LESSONS LEARNED FROM PAULO FREIRE'S PEDAGOGYby Kizito Sesana
Looking back at my life, I find that, apart from the close family environment, only a handful of people have had a lasting impact on me, on my way of thinking and on my way of relating to the world. One of these people is certainly Paulo Freire. I read his books with fascination. They were opening new horizons. They were offering a new key to open, up, to understand and to change reality around us.
Freire rejected the Marxist-Leninist view of the confrontation of oppressor-oppressed, of class hatred and the rhetoric of the "people's revolution." He overcame the ineffective, bland, spiritualistic and sometimes sickly sweet approach to social change so common in the clerical world. He offered a simple, but highly effective method (profoundly rooted in Christian principles) for changing reality. Though demanding in its implementation, this method was one through which the poor, the rejected and the oppressed could become the liberating hope of everyone, including their own oppressors. The method is described in an analytical way in another article in this issue of Wajibu.
I am not the only one who had his eyes opened by Freire. Innumerable people had their ways of thinking changed by this unassuming Brazilian teacher, husband and father of five children. His influence has been widespread, the "pedagogy of the oppressed" that he taught during his life is only beginning to make an impact. It is the backbone not only of many alphabetisation programmes but also, for instance, of the "training for transformation" approach so commonly used in East and southern Africa for the formation of the members of small Christian communities. Someday, somebody will do a study on how Freire's thinking influenced the great papal encyclicals on development, missionary activity and international problems.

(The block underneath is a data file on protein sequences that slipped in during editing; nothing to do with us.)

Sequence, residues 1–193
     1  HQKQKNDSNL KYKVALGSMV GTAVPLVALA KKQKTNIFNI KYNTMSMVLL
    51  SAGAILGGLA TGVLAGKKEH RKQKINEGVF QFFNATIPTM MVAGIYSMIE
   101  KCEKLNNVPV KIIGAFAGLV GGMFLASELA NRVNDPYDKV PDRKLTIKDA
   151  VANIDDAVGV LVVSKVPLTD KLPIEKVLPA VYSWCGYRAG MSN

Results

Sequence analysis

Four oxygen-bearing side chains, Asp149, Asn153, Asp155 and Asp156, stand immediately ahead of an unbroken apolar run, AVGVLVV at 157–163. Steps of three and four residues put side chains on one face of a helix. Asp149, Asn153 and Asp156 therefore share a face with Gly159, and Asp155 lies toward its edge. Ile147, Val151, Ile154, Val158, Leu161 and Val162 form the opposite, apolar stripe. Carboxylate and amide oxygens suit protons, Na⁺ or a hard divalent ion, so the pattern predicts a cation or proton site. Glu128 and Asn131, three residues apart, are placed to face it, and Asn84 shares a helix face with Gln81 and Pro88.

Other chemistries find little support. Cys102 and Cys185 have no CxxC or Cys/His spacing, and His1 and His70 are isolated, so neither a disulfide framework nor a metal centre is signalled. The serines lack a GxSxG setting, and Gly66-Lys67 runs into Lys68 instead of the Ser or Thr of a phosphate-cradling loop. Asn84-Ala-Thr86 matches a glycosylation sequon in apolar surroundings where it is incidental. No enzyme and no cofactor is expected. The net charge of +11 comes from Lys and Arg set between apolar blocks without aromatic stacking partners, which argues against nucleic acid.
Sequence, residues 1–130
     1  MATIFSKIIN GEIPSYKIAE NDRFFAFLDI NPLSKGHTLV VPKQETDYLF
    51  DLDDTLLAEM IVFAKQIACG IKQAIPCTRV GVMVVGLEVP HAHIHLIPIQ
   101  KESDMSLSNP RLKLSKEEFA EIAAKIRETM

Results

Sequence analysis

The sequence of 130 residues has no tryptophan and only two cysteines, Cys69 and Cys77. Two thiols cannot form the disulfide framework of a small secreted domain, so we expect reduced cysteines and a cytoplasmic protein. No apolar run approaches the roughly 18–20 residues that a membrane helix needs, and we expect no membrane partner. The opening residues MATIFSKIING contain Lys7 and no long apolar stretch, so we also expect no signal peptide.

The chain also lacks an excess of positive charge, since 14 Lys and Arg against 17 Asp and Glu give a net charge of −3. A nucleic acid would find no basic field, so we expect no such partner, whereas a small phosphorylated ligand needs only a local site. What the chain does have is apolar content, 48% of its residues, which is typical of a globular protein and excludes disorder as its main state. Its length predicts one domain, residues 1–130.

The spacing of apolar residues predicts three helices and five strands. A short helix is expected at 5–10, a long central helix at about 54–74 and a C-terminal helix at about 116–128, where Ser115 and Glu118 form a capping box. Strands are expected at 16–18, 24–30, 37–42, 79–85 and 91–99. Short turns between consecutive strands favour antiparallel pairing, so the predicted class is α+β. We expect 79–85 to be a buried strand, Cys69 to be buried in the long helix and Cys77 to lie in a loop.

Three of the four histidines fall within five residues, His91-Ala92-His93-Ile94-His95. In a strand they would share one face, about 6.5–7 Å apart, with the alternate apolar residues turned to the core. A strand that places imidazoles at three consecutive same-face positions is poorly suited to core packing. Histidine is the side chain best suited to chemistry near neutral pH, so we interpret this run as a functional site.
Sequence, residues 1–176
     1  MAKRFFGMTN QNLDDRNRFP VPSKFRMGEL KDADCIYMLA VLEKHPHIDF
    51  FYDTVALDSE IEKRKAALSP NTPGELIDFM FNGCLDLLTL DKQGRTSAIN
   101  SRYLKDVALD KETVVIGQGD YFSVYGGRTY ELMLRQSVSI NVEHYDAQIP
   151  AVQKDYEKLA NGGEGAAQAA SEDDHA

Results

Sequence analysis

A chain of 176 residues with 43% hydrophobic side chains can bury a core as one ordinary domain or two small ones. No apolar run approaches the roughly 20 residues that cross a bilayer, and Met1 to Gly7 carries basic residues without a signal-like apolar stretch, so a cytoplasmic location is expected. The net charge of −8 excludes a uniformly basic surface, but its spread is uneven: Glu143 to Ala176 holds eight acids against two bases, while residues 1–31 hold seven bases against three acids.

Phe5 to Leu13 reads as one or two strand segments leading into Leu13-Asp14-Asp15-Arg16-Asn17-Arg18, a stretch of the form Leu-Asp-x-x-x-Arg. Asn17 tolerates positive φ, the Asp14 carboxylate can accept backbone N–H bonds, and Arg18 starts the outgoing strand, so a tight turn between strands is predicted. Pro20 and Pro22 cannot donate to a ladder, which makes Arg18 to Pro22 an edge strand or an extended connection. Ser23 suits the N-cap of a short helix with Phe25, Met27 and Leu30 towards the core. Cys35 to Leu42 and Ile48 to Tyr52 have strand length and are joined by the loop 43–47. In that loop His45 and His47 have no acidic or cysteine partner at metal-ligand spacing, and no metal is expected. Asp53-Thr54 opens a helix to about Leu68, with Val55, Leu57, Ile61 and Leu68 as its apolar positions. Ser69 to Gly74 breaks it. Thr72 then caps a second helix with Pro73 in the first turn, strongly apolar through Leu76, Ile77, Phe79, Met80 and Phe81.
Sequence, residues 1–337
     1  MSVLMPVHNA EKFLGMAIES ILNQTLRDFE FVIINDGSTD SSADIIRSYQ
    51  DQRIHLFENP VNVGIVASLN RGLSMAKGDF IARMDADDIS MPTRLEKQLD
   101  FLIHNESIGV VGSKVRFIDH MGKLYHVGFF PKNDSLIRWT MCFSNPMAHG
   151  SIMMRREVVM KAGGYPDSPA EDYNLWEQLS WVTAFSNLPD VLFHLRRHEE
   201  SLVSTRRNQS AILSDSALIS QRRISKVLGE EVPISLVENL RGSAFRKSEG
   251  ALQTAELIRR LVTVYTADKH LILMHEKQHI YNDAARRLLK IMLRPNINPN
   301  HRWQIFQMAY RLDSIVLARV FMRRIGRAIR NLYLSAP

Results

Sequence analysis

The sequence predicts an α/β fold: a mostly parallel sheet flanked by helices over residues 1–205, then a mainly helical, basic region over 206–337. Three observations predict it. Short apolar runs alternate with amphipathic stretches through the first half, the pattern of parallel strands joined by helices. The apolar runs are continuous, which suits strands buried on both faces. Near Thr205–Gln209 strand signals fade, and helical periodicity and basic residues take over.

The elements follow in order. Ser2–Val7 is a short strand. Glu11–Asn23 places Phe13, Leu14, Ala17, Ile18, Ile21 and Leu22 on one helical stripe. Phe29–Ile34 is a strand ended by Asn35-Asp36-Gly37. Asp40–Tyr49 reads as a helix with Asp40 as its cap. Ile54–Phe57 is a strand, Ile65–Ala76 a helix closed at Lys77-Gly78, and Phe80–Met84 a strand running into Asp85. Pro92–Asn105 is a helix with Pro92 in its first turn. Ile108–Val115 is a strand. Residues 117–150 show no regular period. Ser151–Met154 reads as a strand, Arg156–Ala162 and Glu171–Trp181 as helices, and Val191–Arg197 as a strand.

Freire was one of the few persons for whom the word "teacher" could be used in all its nuances and implications. He was an educator who could insert himself in the expectations and hopes of the oppressed people. He used to say: "I cannot understand how some people can affirm that it is possible to be an educator without really loving."
The "pedagogy of the oppressed" grew out of the fertile Latin American soil, at first preceding and then growing together with liberation theology; it has many features in common with this theology. The most striking difference is the pedagogy's concreteness, its gift of translating big ideas into concrete actions and methods, its going into the details of "how to do it."
Freire's love for the poor and the oppressed people expressed itself in the continuous refining of a method that could really improve their lot. Learning how to read and write with Freire became, for the illiterate, (a term Freire never used, he called both the pupil and the educator "learners") an adventure in discovering the meaning of daily life, and the realisation that the learners themselves had something to teach their educator.
An example of this concreteness is given in Freire's book Education as practice of freedom. The group of adult learners takes the word tijolo, brick, in Portuguese. (Portuguese was Freire's mother tongue and the language of his educational work and original writings). The word is divided into ti-jo-lo and the group starts exploring the "phonemic family (ta-te-ti-to-tu; ja-je-ji-jo-ju; la-le-li-lo-lu). After the group has mastered the different phoneme, it starts a trip to discover all the possible combinations of that phoneme in order to build up different words: luta (struggle); lajota (cement block); loja (shop); lote (lottery); lula (cuttle-fish); tela (cloth), and so on.
In the group, there is no teacher in the traditional sense of somebody transfering his knowledge from on high, only a facilitator. The group is encouraged to discover words that represent objects or ideas that are part of their concrete daily life. The interest to learn how to write and use these words will be very high. More so, when the words are connected with realities that are important for the lives of the oppressed, like work, strike, pay-slip, unemployment, disease, sickness, hospital, fees, taxes, and so on.